It’s also an incredibly light-weight pedal, which is helpful if you travel often with your equipment. The trade-off of this lighter weight is that the plastic used in its construction is thinner. While this is something to consider if you’re historically pretty rough with your pedals, it doesn’t feel cheap. Most players will still find it plenty sturdy for moderate use, and its textured surface is slip-resistant, making it easier to play than some costlier pedals. For the money, though, it will certainly qualify as the best cheap expression pedal around.

Zoom FP02M Expression Pedal

An expression pedal with an all-metal construction usually costs a bit more, but with this new model from Zoom you get a fully metal casing that you can count on to stand up to even heavy use, at a comparable price to the other options on this list. The sleek design and solid build of this pedal are its key selling points.

The base has rubber feet so it doesn’t slide around on hard floors, and the pedal itself has a rubber coating, as well, so your foot doesn’t slide off while you’re pressing it. The combination of durability and stability means you can really rock out without a worry and know the pedal can take it. It’s designed for use with other Zoom equipment but it will work just as well with any equipment that has a ¼” MIDI out. The motion of the assembly is smooth for seamless manipulation of your tone, no matter what effect you’ve linked it up to.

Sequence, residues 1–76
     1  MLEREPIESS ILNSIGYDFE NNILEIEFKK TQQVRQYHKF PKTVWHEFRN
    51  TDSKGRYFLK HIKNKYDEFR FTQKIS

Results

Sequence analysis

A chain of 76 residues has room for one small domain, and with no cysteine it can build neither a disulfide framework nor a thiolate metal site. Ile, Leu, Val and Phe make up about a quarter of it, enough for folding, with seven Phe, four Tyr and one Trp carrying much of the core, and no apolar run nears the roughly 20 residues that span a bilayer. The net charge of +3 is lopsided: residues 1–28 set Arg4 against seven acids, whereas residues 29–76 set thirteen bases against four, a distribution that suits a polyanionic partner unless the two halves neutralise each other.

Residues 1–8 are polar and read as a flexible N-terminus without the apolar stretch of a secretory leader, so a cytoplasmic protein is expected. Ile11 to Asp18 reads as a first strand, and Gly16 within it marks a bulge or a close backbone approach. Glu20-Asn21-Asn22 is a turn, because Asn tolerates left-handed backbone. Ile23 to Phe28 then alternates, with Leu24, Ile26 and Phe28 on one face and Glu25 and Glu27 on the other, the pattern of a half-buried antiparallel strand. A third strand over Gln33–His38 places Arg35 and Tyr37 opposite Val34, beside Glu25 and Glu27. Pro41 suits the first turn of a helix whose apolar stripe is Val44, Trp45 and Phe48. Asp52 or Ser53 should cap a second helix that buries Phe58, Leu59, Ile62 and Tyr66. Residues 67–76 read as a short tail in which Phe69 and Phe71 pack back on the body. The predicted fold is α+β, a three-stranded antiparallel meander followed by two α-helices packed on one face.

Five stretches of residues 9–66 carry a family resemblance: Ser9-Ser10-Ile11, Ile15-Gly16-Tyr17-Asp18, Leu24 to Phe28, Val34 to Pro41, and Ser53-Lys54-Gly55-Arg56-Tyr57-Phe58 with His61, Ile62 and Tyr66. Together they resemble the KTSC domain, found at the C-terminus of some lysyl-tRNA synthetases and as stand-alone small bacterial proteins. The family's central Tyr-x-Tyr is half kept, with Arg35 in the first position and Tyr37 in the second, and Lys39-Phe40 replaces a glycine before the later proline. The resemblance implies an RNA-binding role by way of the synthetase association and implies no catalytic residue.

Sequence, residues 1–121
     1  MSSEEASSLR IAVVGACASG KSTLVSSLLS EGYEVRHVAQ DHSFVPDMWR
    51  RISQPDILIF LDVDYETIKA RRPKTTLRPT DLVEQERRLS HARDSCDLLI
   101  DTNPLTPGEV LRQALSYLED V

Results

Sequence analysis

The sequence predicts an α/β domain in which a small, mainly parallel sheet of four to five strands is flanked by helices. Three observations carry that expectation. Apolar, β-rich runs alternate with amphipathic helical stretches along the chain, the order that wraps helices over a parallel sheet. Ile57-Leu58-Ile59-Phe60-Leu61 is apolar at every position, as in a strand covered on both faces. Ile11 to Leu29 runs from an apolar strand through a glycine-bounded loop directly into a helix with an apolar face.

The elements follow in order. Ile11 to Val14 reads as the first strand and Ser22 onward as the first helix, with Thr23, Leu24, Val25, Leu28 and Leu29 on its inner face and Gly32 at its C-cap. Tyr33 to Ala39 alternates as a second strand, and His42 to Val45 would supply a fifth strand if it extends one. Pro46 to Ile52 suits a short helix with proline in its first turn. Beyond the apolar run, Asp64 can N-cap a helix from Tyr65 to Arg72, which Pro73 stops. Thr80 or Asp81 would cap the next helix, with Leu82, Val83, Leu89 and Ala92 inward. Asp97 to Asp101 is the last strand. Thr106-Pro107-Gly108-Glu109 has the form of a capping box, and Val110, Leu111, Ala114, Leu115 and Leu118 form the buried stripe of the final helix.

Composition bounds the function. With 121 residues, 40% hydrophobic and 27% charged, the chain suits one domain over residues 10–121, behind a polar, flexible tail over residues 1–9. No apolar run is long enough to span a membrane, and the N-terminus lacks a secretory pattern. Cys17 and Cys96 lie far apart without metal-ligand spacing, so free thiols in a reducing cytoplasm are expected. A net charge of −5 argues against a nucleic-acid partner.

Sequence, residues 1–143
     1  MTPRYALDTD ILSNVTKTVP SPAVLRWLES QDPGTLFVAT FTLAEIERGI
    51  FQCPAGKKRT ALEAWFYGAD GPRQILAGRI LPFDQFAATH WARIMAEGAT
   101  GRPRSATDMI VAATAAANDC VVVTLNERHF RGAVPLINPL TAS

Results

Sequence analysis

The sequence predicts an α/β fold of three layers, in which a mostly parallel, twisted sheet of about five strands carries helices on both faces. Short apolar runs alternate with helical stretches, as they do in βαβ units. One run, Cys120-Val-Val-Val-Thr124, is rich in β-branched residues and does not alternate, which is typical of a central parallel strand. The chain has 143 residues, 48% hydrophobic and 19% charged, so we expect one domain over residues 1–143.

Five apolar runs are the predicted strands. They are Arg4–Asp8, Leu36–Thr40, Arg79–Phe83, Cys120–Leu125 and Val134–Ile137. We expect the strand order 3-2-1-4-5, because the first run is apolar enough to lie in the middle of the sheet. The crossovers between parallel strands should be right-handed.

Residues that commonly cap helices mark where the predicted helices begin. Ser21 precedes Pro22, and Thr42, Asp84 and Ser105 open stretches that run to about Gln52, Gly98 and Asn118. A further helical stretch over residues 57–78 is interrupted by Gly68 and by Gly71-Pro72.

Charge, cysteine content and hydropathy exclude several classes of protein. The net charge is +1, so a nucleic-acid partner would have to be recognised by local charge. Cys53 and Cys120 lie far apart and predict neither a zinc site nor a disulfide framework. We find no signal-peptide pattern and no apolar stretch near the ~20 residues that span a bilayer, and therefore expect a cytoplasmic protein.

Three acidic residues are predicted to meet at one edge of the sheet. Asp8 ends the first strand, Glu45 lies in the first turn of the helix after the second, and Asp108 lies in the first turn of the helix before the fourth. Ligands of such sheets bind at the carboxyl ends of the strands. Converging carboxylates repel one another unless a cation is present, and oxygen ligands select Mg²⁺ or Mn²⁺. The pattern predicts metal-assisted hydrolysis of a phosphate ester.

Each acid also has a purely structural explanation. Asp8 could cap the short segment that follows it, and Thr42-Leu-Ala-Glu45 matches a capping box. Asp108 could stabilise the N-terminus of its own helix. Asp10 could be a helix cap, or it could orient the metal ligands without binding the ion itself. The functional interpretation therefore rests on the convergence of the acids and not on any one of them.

Roland EV-5 Expression Pedal

If you need something that’s both durable and portable, check out the EV-5 from Roland. It’s the little brother of their EV-7 organ pedal, sized to fit easily under a synthesizer or on a pedal rack. The construction is incredible light-weight, another benefit of the unit’s compact size, which is great for people who have a lot of gear already.

It tends to be an excellent option for effects (see full specs), though it is less highly regarded as a volume controller. This is because of the pedal’s range and action. It’s a smooth pedal, allowing for subtle changes and very musical use of effects, but doesn’t have a huge total range like you usually want in a volume control. But there is also a small knob on the side of the unit that lets you customize the overall range of your effect, giving you more fine-tuning options than most pedals in the price range.